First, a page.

The Giants' opening day line-up at the Polo Grounds

Season standings

National League W L Pct. GB Home Road
New York Giants 101 51 0.664 54–23 47–28
Philadelphia Phillies 88 63 0.583 12½ 43–33 45–30
Chicago Cubs 88 65 0.575 13½ 51–25 37–40
Pittsburgh Pirates 78 71 0.523 21½ 41–35 37–36
Boston Braves 69 82 0.457 31½ 34–40 35–42
Brooklyn Dodgers 65 84 0.436 34½ 29–47 36–37
Cincinnati Reds 64 89 0.418 37½ 32–44 32–45
St. Louis Cardinals 51 99 0.340 49 25–48 26–51

Record vs. opponents

Sources: [1] [2] [3] [4] [5] [6] [7] [8]
Boston 10–10–1 9–13 8–14 8–14 7–15–1 11–10 16–6–1
Brooklyn 10–10–1 9–13 9–13 8–14 8–13–1 8–14–1 13–7
Chicago 13–9 13–9 13–9–1 7–14 13–9 13–9 16–6–1
Cincinnati 14–8 13–9 9–13–1 5–17 5–17–1 8–13–1 10–12
New York 14–8 14–8 14–7 17–5 14–8–3 14–8–1 14–7
Philadelphia 15–7–1 13–8–1 9–13 17–5–1 8–14–3 9–11–2 17–5
Pittsburgh 10–11 14–8–1 9–13 13–8–1 8–14–1 11–9–2 13–8–1
St. Louis 6–16–1 7–13 6–16–1 12–10 7–14 5–17 8–13–1

Notable transactions


1913 New York Giants roster
Pitchers Catchers



Other batters



Player stats


Jim Thorpe at the Polo Grounds

Starters by position

Note: Pos = Position; G = Games played; AB = At bats; H = Hits; Avg. = Batting average; HR = Home runs; RBI = Runs batted in

Pos Player G AB H Avg. HR RBI
C Chief Meyers 120 378 118 .312 3 47
1B Fred Merkle 153 563 147 .261 3 69
2B Larry Doyle 132 482 135 .280 5 73
SS Art Fletcher 136 538 160 .297 4 71
3B Buck Herzog 96 290 83 .286 3 31
OF Fred Snodgrass 141 457 133 .291 3 49
OF Red Murray 147 520 139 .267 2 59
OF George Burns 150 605 173 .286 2 54

Other batters

Note: G = Games played; AB = At bats; H = Hits; Avg. = Batting average; HR = Home runs; RBI = Runs batted in

Player G AB H Avg. HR RBI
Tillie Shafer 138 508 146 .287 5 52
Moose McCormick 57 80 22 .275 0 15
Art Wilson 54 79 15 .190 0 8
Larry McLean 30 75 24 .320 0 9
Jim Thorpe 19 35 5 .143 1 2
Claude Cooper 27 30 9 .300 0 4
Josh Devore 16 21 4 .190 0 1
Eddie Grant 27 20 4 .200 0 1
Grover Hartley 23 19 6 .316 0 0
Milt Stock 7 17 3 .176 0 1
Heinie Groh 4 2 0 .000 0 0
John Merritt 1 0 0 ---- 0 0
Joe Evers 1 0 0 ---- 0 0


Starting pitchers

Note: G = Games pitched; IP = Innings pitched; W = Wins; L = Losses; ERA = Earned run average; SO = Strikeouts

Player G IP W L ERA SO
Christy Mathewson 40 306.0 25 11 2.06 93
Rube Marquard 42 288.0 23 10 2.50 151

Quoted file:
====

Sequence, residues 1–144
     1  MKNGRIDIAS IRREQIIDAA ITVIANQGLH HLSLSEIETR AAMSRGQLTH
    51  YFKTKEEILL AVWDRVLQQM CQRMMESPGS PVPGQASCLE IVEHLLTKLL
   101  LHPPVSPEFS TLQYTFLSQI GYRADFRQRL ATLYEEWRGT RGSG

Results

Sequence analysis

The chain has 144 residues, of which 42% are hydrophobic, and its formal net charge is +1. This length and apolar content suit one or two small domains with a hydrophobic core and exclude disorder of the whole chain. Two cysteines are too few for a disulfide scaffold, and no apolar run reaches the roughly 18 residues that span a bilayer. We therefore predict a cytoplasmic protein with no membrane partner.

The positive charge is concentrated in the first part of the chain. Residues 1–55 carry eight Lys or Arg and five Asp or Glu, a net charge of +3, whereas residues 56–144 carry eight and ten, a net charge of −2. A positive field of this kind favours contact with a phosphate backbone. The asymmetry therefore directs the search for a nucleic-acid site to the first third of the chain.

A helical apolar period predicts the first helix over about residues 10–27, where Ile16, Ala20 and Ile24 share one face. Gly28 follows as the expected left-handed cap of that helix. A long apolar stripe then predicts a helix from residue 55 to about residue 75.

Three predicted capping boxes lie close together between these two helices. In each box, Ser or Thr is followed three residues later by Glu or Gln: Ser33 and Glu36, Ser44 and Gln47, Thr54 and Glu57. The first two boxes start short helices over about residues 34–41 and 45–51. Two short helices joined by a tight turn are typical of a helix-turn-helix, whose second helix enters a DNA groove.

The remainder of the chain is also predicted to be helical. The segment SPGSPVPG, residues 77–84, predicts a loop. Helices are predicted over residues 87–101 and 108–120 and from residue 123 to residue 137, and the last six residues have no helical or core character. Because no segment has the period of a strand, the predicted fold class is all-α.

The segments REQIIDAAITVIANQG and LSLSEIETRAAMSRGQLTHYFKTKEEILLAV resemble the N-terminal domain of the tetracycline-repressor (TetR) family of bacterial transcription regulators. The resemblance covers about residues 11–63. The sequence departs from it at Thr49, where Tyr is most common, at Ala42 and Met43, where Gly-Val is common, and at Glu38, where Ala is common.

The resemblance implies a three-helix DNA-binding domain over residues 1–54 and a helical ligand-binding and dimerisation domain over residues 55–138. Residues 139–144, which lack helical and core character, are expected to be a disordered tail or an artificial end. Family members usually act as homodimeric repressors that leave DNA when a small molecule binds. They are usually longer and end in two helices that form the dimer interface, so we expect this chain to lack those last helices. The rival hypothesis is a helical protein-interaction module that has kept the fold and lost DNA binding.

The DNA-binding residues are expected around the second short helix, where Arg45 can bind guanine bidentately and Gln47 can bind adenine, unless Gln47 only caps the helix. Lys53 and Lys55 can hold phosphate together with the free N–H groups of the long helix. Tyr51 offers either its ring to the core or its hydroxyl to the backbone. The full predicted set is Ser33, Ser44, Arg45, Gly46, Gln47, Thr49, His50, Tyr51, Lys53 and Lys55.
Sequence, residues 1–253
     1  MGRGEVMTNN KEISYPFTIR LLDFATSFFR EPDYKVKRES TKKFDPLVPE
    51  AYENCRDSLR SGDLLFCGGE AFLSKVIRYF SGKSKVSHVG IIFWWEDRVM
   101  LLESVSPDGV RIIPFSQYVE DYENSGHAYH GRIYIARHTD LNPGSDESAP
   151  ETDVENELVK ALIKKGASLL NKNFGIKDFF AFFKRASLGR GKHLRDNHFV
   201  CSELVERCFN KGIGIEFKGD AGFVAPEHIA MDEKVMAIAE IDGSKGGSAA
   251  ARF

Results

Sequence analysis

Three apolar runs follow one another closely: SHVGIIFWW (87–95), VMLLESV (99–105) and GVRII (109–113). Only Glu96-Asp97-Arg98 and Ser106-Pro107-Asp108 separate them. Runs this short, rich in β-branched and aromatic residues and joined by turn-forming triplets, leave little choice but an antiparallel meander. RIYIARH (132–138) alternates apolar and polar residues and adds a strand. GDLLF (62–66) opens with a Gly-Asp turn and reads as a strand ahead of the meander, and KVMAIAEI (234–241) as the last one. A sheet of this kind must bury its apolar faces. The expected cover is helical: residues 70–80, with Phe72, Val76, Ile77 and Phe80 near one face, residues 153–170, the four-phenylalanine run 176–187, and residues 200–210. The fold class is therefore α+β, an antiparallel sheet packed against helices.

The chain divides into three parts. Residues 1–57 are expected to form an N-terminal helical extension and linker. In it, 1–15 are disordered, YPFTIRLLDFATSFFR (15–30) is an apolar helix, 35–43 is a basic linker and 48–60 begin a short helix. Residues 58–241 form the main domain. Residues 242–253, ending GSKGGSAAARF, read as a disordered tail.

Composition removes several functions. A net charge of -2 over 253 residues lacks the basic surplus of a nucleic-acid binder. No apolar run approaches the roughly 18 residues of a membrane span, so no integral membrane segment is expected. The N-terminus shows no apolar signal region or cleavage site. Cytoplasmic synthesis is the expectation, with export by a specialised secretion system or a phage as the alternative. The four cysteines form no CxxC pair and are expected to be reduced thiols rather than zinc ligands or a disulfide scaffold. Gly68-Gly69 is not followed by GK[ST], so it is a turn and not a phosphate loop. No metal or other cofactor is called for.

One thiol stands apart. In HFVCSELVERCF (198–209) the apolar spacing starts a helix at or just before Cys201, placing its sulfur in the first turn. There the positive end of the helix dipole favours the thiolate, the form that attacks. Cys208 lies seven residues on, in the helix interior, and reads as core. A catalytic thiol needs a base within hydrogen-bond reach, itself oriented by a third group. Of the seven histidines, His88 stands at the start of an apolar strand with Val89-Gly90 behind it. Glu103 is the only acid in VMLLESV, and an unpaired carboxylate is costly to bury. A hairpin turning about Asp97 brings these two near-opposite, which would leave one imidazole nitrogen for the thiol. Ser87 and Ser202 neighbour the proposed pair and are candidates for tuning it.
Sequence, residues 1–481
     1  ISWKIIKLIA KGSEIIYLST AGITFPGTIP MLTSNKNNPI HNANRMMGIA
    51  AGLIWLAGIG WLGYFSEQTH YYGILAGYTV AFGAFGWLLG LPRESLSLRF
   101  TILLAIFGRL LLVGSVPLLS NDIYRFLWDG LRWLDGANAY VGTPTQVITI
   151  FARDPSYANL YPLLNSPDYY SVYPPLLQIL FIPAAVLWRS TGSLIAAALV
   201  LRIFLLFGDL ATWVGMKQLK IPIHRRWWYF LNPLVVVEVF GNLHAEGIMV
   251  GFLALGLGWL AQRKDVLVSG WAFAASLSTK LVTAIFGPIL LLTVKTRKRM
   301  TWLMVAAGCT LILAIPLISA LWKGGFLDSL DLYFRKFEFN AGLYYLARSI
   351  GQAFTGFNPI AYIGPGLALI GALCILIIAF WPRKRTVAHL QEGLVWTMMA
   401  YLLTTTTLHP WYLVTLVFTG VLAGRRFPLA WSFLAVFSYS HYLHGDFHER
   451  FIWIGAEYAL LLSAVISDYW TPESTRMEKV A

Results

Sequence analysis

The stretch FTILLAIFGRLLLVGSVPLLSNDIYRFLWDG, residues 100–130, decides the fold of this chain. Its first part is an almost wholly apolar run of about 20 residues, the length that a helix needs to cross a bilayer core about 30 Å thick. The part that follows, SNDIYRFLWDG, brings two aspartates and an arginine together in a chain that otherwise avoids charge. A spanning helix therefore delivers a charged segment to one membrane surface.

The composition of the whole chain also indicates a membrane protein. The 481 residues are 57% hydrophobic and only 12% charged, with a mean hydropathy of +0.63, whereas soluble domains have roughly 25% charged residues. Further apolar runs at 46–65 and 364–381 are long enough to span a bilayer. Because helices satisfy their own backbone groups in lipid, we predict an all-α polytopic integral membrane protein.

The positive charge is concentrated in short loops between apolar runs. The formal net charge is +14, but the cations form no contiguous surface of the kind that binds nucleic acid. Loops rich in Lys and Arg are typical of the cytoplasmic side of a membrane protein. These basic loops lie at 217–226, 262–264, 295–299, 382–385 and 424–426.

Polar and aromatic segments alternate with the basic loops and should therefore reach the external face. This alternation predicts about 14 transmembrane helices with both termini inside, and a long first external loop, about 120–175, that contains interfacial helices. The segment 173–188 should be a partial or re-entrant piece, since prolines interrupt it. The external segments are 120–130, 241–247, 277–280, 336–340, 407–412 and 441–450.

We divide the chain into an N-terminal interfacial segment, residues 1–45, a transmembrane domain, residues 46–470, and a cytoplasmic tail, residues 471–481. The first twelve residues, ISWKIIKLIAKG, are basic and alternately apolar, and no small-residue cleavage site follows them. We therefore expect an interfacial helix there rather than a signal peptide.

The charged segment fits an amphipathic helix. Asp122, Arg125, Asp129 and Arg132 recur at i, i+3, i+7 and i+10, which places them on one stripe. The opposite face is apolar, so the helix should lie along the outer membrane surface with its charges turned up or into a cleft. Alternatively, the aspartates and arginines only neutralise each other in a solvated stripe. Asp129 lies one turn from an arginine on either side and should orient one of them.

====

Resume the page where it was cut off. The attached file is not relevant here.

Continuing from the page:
Jeff Tesreau 41 282.0 22 13 2.17 167
Al Demaree 31 199.2 13 4 2.21 76
Bunny Hearn 2 13.0 1 1 2.77 8

Other pitchers

Note: G = Games pitched; IP = Innings pitched; W = Wins; L = Losses; ERA = Earned run average; SO = Strikeouts

Player G IP W L ERA SO
Art Fromme 26 112.1 11 6 4.01 50
Red Ames 8 41.2 2 1 2.16 30
Rube Schauer 3 12.0 0 1 7.50 7

Relief pitchers

Note: G = Games pitched; W = Wins; L = Losses; SV = Saves; ERA = Earned run average; SO = Strikeouts

Player G W L SV ERA SO
Doc Crandall 35 4 4 6 2.86 42
Hooks Wiltse 17 0 0 3 1.56 25
Ferdie Schupp 5 0 0 0 0.75 2

1913 World Series

Game 1

October 7, 1913, at the Polo Grounds in New York City

Team 1 2 3 4 5 6 7 8 9 R H E
Philadelphia 0 0 0 3 2 0 0 1 0 6 11 1
New York 0 0 1 0 3 0 0 0 0 4 11 0
W: Chief Bender (1–0)  L: Rube Marquard (0–1)
HR: PHIFrank Baker (1)

Game 2

October 8, 1913, at Shibe Park in Philadelphia

Team 1 2 3 4 5 6 7 8 9 10 R H E
New York 0 0 0 0 0 0 0 0 0 3 3 7 2
Philadelphia 0 0 0 0 0 0 0 0 0 0 0 8 2
W: Christy Mathewson (1–0)  L: Eddie Plank (0–1)

Game 3

October 9, 1913, at the Polo Grounds in New York City

Team 1 2 3 4 5 6 7 8 9 R H E
Philadelphia 3 2 0 0 0 0 2 1 0 8 12 1
New York 0 0 0 0 1 0 1 0 0 2 5 1
W: Bullet Joe Bush (1–0)  L: Jeff Tesreau (0–1)
HR: PHIWally Schang (1)

Game 4

October 10, 1913, at Shibe Park in Philadelphia

Team 1 2 3 4 5 6 7 8 9 R H E
New York 0 0 0 0 0 0 3 2 0 5 8 2
Philadelphia 0 1 0 3 2 0 0 0 x 6 9 0
W: Chief Bender (2–0)  L: Al Demaree (0–1)
HR: NYGFred Merkle (1)

Game 5

October 11, 1913, at the Polo Grounds in New York City

Team 1 2 3 4 5 6 7 8 9 R H E
Philadelphia 1 0 2 0 0 0 0 0 0 3 6 1
New York 0 0 0 0 1 0 0 0 0 1 2 2
W: Eddie Plank (1–1)  L: Christy Mathewson (1–1)


External links